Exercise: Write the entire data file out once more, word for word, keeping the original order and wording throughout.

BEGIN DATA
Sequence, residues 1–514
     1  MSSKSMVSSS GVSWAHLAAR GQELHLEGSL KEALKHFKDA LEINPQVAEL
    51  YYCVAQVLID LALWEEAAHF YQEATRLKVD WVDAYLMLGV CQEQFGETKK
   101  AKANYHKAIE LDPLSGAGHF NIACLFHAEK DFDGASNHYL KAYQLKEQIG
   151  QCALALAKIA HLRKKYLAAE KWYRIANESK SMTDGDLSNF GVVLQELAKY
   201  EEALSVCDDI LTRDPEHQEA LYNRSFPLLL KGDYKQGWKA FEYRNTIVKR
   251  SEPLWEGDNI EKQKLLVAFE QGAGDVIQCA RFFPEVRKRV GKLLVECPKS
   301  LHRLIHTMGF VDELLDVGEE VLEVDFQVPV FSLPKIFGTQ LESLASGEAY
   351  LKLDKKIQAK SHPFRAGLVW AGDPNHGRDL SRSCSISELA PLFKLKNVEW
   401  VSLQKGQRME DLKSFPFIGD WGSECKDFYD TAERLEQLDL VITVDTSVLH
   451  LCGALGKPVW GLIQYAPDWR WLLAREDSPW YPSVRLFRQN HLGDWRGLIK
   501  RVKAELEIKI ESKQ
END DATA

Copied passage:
Sequence, residues 1–514
     1  MSSKSMVSSS GVSWAHLAAR GQELHLEGSL KEALKHFKDA LEINPQVAEL
    51  YYCVAQVLID LALWEEAAHF YQEATRLKVD WVDAYLMLGV CQEQFGETKK
   101  AKANYHKAIE LDPLSGAGHF NIACLFHAEK DFDGASNHYL KAYQLKEQIG
   151  QCALALAKIA HLRKKYLAAE KWYRIANESK SMTDGDLSNF GVVLQELAKY
   201  EEALSVCDDI LTRDPEHQEA LYNRSFPLLL KGDYKQGWKA FEYRNTIVKR
   251  SEPLWEGDNI EKQKLLVAFE QGAGDVIQCA RFFPEVRKRV GKLLVECPKS
   301  LHRLIHTMGF VDELLDVGEE VLEVDFQVPV FSLPKIFGTQ LESLASGEAY
   351  LKLDKKIQAK SHPFRAGLVW AGDPNHGRDL SRSCSISELA PLFKLKNVEW
   401  VSLQKGQRME DLKSFPFIGD WGSECKDFYD TAERLEQLDL VITVDTSVLH
   451  LCGALGKPVW GLIQYAPDWR WLLAREDSPW YPSVRLFRQN HLGDWRGLIK
   501  RVKAELEIKI ESKQ